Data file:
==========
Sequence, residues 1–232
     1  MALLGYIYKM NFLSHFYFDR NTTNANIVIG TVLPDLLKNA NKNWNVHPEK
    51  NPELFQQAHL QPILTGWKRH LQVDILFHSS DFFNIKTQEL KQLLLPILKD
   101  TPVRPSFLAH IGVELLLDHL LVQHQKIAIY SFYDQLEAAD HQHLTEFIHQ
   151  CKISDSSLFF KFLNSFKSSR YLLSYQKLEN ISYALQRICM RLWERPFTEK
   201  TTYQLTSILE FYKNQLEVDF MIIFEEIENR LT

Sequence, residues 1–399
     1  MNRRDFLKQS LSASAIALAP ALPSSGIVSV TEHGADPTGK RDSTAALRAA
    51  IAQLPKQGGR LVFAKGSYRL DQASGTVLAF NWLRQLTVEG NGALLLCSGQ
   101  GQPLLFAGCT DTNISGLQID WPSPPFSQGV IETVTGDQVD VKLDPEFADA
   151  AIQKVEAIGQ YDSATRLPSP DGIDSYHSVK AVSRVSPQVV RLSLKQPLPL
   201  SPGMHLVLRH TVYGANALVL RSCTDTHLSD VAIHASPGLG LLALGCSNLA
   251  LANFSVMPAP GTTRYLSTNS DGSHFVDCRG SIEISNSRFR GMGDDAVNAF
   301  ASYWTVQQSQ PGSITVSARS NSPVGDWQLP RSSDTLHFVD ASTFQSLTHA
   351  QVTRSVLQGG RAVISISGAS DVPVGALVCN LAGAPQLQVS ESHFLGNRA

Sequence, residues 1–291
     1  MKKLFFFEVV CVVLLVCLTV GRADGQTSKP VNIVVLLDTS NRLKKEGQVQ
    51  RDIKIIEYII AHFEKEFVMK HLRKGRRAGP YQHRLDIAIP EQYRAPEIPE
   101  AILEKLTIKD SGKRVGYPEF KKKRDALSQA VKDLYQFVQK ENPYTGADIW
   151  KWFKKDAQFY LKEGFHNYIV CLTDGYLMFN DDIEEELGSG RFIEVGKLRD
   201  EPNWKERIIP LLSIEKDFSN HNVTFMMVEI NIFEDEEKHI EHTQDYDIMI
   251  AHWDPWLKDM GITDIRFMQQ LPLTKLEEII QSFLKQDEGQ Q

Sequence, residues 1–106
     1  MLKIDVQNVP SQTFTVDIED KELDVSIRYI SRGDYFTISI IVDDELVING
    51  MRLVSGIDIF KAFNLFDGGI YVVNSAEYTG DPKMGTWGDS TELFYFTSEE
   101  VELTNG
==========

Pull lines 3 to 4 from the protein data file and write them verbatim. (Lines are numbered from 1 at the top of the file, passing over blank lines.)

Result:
    51  NPELFQQAHL QPILTGWKRH LQVDILFHSS DFFNIKTQEL KQLLLPILKD
   101  TPVRPSFLAH IGVELLLDHL LVQHQKIAIY SFYDQLEAAD HQHLTEFIHQ